Archive | December, 2017

My favourite albums of 2017

24 Dec

1. Lorde ‘Melodrama’
2. Mount Eerie ‘A Crow Looked at Me’
3. The War on Drugs ‘A Deeper Understanding’
4. Fleet Foxes ‘Crack Up’
5. Sheer Mag ‘Need to Feel Your Love’
6. Kendrick Lamar ‘Damn’
7. The Drums ‘Abysmal Thoughts’
8. Cigarettes After Sex ‘Cigerettes After Sex’
9. Ryan Adams ‘Prisoner’
10. Bjork ‘Utopia’
11. Loyle Carner ‘Yesterday’s Gone’
12. The Shins ‘Heartworms’
13. Alvvays ‘Anti-socialites’
14. Hodera ‘First things First’
15. Jens Leckman ‘Life Will See You Now’
16. Julien baker ‘Turn Out the Lights’
17. Paramore ‘After Laughter’
18. Moses Sumney ‘Afromanticism’
19. Phoebe Bridgers Stranger in the Alps’
20. Big Thief ‘Capacity’
21. Taylor Swift ‘Reputation’
22. Calvin Harris ‘Funk Wav Bounces Vol 1’
23. Wild Pink ‘Wild Pink’
24. Cloud Nothings ‘Life Without Sound’
25. Harry Styles ‘Harry Styles’
26. Run the Jewels ‘Run the Jewels 3’
27. Thundercat ‘Drunk’
28. Slaughter Beach Dog ‘Birdie’
29. Life ‘Popular Music’
30. Childhood ‘Universal High’
31. Wolf Alice ‘Visions of a Life’
32. SZA ‘CTRL’
33. Brand New ‘Science Fiction’
34. Charlie Bliss ‘Guppy’
35. Slowdive ‘Slowdive’
36. Perfume Genius ‘No Shape’
37. Kasabian ‘For Crying out Loud’
38. The National ‘Sleep Well Beast’
39. Princess Nokia ‘1992’
40. Haim ‘Something to Tell You’
41. The Killers ‘Wonderful Wonderful’
42. A Savage ‘Thawing Dawn’
43. Surfer Blood ‘Showdonia’
44. The Menzigers ‘After the Party’
45. Forest Swords ‘Compassion
46. Sorority Noise ‘You’re Not as _ as you think you are’
47. Oso Oso ‘The Ynahon Mixtape’
48. Midland ‘On the Rocks’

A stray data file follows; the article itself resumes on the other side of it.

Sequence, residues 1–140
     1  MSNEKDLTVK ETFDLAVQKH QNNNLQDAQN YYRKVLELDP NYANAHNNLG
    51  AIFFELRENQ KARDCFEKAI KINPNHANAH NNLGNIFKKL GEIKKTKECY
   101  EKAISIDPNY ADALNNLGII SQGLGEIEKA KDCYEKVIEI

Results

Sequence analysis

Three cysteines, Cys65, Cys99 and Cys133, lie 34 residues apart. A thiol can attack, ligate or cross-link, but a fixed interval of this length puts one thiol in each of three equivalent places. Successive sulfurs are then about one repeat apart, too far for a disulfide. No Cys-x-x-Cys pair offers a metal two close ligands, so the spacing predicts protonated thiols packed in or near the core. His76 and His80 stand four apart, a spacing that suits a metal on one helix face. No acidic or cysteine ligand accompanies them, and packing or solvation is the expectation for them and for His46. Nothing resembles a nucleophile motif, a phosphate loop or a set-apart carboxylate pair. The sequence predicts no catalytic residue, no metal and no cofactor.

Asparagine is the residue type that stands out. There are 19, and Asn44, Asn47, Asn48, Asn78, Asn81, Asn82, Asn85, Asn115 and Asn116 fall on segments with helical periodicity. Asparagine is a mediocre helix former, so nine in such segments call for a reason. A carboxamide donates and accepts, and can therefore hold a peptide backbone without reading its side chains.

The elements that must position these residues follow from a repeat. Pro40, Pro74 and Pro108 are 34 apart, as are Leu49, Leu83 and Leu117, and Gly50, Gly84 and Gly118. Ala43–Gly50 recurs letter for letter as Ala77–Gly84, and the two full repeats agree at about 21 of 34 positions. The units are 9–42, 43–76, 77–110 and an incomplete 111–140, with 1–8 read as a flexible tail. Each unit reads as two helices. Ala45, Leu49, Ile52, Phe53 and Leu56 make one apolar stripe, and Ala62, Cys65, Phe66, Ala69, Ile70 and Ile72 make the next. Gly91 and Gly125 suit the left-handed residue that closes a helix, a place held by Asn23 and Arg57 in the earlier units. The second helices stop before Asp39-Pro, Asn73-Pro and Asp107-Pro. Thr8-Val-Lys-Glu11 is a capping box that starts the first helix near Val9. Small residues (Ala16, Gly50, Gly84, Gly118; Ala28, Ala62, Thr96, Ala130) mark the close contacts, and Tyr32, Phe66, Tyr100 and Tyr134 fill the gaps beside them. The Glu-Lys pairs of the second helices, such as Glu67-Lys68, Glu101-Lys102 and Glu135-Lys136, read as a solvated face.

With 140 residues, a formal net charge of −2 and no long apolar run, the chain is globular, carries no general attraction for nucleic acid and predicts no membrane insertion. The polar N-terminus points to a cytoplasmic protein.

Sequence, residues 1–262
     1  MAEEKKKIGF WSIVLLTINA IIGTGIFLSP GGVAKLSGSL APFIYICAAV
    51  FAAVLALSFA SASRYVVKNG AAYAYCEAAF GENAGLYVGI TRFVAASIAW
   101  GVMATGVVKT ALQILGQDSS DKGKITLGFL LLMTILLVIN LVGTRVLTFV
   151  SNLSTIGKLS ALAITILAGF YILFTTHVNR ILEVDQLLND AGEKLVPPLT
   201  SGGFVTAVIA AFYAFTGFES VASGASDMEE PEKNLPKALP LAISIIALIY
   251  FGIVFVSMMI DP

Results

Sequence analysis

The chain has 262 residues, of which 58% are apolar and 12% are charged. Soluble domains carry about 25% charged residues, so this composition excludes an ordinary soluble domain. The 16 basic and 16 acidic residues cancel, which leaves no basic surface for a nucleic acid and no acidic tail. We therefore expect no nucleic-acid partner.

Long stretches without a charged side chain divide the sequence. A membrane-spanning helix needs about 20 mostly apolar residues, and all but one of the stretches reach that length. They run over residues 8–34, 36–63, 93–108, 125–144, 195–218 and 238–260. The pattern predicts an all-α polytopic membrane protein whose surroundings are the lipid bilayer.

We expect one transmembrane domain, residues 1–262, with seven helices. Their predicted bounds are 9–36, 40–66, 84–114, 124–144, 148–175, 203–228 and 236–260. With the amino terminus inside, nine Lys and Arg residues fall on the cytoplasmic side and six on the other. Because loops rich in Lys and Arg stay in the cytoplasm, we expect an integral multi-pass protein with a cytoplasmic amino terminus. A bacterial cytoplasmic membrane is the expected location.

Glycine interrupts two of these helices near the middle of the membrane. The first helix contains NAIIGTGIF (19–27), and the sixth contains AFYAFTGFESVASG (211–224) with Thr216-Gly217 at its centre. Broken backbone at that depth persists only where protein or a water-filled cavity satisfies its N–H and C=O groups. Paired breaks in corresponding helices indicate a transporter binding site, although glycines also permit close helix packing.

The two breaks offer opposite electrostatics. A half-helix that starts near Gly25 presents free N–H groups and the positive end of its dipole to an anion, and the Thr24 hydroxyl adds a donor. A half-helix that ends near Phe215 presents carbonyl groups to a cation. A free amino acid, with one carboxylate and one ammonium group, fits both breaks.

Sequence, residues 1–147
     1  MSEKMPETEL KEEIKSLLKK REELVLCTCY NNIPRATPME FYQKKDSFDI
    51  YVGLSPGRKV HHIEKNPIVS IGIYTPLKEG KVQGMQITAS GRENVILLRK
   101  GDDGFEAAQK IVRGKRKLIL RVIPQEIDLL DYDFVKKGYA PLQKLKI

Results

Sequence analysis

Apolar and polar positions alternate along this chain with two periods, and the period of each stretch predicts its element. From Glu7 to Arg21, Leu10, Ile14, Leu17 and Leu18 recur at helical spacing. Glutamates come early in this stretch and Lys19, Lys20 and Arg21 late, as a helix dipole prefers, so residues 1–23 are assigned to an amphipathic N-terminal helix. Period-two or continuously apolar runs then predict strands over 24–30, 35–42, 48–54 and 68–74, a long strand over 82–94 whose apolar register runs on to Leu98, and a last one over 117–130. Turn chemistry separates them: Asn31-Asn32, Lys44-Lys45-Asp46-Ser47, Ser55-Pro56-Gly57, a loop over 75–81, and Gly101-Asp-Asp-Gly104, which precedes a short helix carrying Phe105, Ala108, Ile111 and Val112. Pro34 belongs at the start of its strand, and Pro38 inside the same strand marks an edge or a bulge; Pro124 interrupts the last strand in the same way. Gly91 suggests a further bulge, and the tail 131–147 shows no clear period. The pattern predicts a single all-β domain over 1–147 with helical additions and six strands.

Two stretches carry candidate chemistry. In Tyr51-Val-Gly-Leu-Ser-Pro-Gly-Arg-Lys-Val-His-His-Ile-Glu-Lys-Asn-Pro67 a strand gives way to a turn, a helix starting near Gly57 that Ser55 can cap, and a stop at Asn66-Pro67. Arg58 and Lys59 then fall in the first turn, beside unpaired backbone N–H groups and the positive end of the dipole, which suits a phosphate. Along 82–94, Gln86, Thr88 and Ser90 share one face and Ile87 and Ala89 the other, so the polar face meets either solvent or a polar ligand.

49. Kolsch 1989
50. Rose Elinor Dougall ‘Stellular’

My Favourite Singles of 2017

24 Dec

1. Everything Now by Arcade Fire
2. Thinking of a Place by War on Drugs
3. Just Can’t Get Enough by Sheer Mag
4. Why Didn’t You Say That by Lemon Twigs
5. Blinded by Your Grace (part 2) by Stormzy
6. Perfect by Ed Sheeran
7. Slide by Calvin Harris and Frank Ocean
8. Sign of the Times by Harry Styles
9. Ain’t Nothing Changed by Loyle Carner
10. On My Mind by Jorja Smith
11. Are you leaving by Sassy 009
12. Green Light by Lorde
13. Your Love by Magic Gang
14. Third of May by Fleet Foxes
15. Without You by Ryan Adams
16. Popular Music by Life
17. Boys by Charli XCX
18. No one knows me like the piano by Sampha
19. Blood Under My Belt’ by The Drums
20. DNA by Kendrick Lamar
21. Hard Times by Paramore
22. Something to Remember me By by The Horrors
23. The Man by The Killers
24. Vampires by Jason Isabell
25. Near to the wild Heart of Life by Japandroids
26. Mystery of Love by Sufjan Stevens
27. Wendy’s Trash Can by Rozwell Kid
28. Despecito by Louis Fonsi and Daddy Yankee
29. Little of Your Love by Haim
30. Television Romance by Pale Waves
31. Love by Lana Del Rey
32. Bad Bohemian by British Sea Power
33. Bike Dream by Rostam
34. God bless this Acid House by Kasabian
35. In Undertow by Alvvays
36. Too good at goodbyes by Sam smith
37. On Hold by The XX
38. Your Cat by Slaughter Beach Dog
39. Feel the same by Bully
40. Follow the Leader by Foxygen
41. Young Dumb and Broke by Khalid
42. Bobby by Sandy Alex G
43. Emotion by Curls
44. Wall of glass by Liam Gallagher
45. Ascension by DJ Sports
46. Country by Porches